William Boyd will be pleased to have the successful launch of Solo behind him.
SOLO by William Boyd
William Boyd will be pleased to have the successful launch of Solo behind him. Few of 007's missions against those sinister megacrooks – Dr No, Goldfinger, et al – could be as fraught with jeopardy as the invitation to pick up the dangerous mantle of Ian Fleming.
As in the best classical quests, the rewards are mouth-watering but the penalties for failure excruciating.
Consider the perils he faces: we know Bond was born in 1924, which would have him pushing 90. Contemporary writers need to put him back into his prime – but do that, and you encounter another set of snares.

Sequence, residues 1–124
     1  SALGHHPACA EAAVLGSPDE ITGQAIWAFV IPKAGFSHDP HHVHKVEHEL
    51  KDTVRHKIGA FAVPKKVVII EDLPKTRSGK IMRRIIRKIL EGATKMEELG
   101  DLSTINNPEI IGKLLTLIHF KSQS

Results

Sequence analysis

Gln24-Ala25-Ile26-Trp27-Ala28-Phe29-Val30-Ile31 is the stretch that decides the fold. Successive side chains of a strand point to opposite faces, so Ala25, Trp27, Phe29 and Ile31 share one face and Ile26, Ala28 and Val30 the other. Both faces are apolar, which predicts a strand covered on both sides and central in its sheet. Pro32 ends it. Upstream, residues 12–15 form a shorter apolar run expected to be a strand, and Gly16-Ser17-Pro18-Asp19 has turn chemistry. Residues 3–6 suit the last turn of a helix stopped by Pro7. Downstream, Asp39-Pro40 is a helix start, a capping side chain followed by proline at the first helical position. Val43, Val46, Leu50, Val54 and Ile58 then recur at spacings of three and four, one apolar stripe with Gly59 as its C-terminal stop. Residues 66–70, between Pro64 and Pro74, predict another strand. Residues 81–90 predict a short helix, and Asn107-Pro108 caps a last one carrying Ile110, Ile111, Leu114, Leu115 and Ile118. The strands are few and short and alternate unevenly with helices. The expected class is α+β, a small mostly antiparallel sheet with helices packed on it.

Fleming and Bond are inextricably linked in many ways – xenophobia, male chauvinism, a taste for sadomasochism – that may give the contemporary reader pause, while Bond's world – the late imperial Britain of the 1950s – is now irrelevant and irretrievably lost.
So it's good to report that Boyd has immersed himself in the character, the author and his oeuvre and come up with an Afro-American adventure that's triumphantly the equal of the great Bond adventures, Casino Royale and From Russia, with Love.
In Boyd's novel, Bond is dispatched to a fictional West African state to track down its warlord, the Scorpion, nearly dies, and then pursues a score-settling mission to the United States where he reconnects with his old chum and CIA man, Felix Leiter.
It's not the real thing –how could it be? – but, dare one say, a brilliant imitation that's occasionally superior to the prototype. Boyd IS Bond. – © Guardian News & Media 2013